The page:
Nav: Home

Rethinking role of viruses in coral reef ecosystems

May 22, 2017

Conventional wisdom has it that within virus-bacteria population dynamics, viruses frequently kill their host bacterial cells--a process called lysis--especially when there's a large concentration of bacteria. A different dynamic called lysogeny, in which viruses lie dormant within their host cells but don't kill them, has been thought to be a relatively rare phenomenon, mostly occurring at low bacterial concentrations.

But a new study led by researchers at San Diego State University's Viral Information Institute suggests conventional wisdom has it wrong: Lysogeny might be far more common than previously thought and may even become more prevalent when hosts are densely packed in an ecosystem, which often occurs when environments are stressed. These findings could lead to a better understanding of degraded coral reef ecosystems and how to preserve them.

Algal blooms, fungal blights and bacterial infections are just a few of the ways that microbes can rapidly increase in density within an ecosystem. How viruses respond to such events is of great interest to ecologists. Traditionally, most researchers have assumed that when microbe populations boom, the viruses that inhabit them start replicating inside them--the lytic phase--boosting their own numbers but killing off their hosts.

"This suggested that lysogeny provides a temporary refuge for viruses when hosts are starving and scarce," the authors of the recent paper wrote in the study.

Previous research by Ben Knowles, a postdoctoral scholar at Rutgers University and a former graduate student within SDSU virologist Forest Rohwer's lab, upended the conventional theories of viral dynamics with the discovery of viruses that stayed lysogenic even as their host cells became more and more densely concentrated within their ecosystem. SDSU's Viral Information Institute, one of the university's self-identified areas of excellence, is among the world's leaders in researching viruses that replicate inside bacteria, otherwise known as bacteriophages.

"These earlier findings fundamentally flipped the dynamics of virus-host interaction," Knowles said.

Hoping to learn more about how viruses behave as their host numbers wax and wane, Knowles and colleagues performed a meta-analysis of 39 publications that tracked this pattern and found something surprising: There was no correlation at all between the density of host cells and whether their viruses were lytic or lysogenic, the researchers reported in the journal Nature Microbiology.

Knowles said these results should encourage microbiologists to re-calibrate population models that include virus-bacteria interactions, such as those commonly used to predict how sensitive ecosystems like coral reefs might respond to microbial overgrowth such as algal blooms and bacterial invasion.

Unfortunately, incorporating lysogeny into these models is difficult. If viruses aren't killing off hosts in predictable ways, the dynamics quickly become chaotic and hard to measure, Knowles explained. Further research might reveal precisely why viruses switch over from dormant freeloaders to replicating killers, but doing so will likely require genomic analyses of single cells--a process that is currently prohibitively expensive for large-scale projects.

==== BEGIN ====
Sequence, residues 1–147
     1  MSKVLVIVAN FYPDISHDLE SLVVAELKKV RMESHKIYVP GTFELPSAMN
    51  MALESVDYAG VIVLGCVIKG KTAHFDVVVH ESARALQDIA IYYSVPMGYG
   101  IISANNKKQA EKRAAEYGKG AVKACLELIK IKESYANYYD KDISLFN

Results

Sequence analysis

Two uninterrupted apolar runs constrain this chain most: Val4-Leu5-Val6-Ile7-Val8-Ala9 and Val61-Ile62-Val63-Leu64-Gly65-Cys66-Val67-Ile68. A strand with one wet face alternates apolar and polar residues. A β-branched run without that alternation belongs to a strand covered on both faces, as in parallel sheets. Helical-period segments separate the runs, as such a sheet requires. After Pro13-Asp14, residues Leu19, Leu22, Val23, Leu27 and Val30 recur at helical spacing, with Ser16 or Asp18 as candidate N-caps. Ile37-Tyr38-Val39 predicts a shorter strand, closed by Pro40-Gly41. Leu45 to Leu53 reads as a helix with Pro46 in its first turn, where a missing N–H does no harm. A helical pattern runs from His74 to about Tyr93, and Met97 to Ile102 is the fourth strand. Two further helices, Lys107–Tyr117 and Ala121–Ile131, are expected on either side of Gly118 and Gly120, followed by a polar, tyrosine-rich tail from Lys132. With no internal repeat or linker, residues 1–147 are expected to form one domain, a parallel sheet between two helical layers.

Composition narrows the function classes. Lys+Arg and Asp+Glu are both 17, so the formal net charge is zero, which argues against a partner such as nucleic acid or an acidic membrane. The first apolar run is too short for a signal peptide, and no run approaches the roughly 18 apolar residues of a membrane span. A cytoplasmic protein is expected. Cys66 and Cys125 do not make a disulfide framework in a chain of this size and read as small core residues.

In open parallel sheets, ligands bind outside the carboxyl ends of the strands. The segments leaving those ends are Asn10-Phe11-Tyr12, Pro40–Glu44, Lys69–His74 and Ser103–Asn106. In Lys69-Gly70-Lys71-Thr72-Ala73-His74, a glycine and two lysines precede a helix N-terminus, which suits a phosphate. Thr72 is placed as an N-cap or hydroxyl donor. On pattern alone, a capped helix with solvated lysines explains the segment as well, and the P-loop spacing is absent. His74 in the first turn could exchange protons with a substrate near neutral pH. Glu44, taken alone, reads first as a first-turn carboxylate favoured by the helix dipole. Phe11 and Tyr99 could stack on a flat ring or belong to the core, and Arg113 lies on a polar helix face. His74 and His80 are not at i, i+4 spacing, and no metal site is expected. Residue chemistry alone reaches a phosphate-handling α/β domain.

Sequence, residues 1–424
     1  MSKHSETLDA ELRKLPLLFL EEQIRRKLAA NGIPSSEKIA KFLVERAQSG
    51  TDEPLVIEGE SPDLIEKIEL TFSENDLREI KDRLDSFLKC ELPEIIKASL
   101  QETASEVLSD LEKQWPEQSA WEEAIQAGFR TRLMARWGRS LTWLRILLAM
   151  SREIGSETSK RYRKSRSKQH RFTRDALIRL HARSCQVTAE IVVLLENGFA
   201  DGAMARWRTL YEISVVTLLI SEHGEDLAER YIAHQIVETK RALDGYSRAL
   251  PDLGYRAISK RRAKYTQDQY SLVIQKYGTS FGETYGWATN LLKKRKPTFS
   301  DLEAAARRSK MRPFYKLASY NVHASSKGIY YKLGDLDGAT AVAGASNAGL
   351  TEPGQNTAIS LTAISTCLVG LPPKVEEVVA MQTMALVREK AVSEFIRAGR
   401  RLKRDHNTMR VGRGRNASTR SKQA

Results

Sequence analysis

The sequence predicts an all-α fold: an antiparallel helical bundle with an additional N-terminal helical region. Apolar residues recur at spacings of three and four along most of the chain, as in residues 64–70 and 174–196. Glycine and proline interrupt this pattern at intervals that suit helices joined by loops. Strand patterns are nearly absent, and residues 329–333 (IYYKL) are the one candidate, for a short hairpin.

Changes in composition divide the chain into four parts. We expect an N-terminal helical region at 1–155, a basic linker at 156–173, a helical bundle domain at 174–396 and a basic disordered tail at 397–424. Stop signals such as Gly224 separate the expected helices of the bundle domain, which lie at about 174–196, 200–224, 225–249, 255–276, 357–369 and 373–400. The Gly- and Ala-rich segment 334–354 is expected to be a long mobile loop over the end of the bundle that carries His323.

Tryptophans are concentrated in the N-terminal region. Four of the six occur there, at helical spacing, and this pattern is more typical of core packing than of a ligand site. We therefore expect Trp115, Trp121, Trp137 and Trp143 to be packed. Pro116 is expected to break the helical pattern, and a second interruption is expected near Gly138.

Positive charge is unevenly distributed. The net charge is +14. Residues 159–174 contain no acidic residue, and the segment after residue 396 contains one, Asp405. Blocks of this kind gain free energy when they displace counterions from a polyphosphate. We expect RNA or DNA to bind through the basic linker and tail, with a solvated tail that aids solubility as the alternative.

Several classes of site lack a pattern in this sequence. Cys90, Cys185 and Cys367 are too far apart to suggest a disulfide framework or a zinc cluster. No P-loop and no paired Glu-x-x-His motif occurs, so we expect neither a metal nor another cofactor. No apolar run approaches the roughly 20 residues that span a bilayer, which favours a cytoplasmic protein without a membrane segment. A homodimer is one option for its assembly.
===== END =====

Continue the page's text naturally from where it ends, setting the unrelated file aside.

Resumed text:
Until then, the study's findings underscore how little we know about viruses and how they fit into their ecological niches, Knowles said.

"We've long thought about viruses as killers because that's what fit the models," he said. "But the way viruses interact with their hosts is much more complicated than that."
-end-


San Diego State University

Related Bacteria Articles:

Conducting shell for bacteria
Under anaerobic conditions, certain bacteria can produce electricity. This behavior can be exploited in microbial fuel cells, with a special focus on wastewater treatment schemes.
Controlling bacteria's necessary evil
Until now, scientists have only had a murky understanding of how these relationships arise.
Bacteria take a deadly risk to survive
Bacteria need mutations -- changes in their DNA code -- to survive under difficult circumstances.
How bacteria hunt other bacteria
A bacterial species that hunts other bacteria has attracted interest as a potential antibiotic, but exactly how this predator tracks down its prey has not been clear.
Chlamydia: How bacteria take over control
To survive in human cells, chlamydiae have a lot of tricks in store.
More Bacteria News and Bacteria Current Events

Best Science Podcasts 2019

We have hand picked the best science podcasts for 2019. Sit back and enjoy new science podcasts updated daily from your favorite science news services and scientists.
Now Playing: TED Radio Hour

Anthropomorphic
Do animals grieve? Do they have language or consciousness? For a long time, scientists resisted the urge to look for human qualities in animals. This hour, TED speakers explore how that is changing. Guests include biological anthropologist Barbara King, dolphin researcher Denise Herzing, primatologist Frans de Waal, and ecologist Carl Safina.
Now Playing: Science for the People

#534 Bacteria are Coming for Your OJ
What makes breakfast, breakfast? Well, according to every movie and TV show we've ever seen, a big glass of orange juice is basically required. But our morning grapefruit might be in danger. Why? Citrus greening, a bacteria carried by a bug, has infected 90% of the citrus groves in Florida. It's coming for your OJ. We'll talk with University of Maryland plant virologist Anne Simon about ways to stop the citrus killer, and with science writer and journalist Maryn McKenna about why throwing antibiotics at the problem is probably not the solution. Related links: A Review of the Citrus Greening...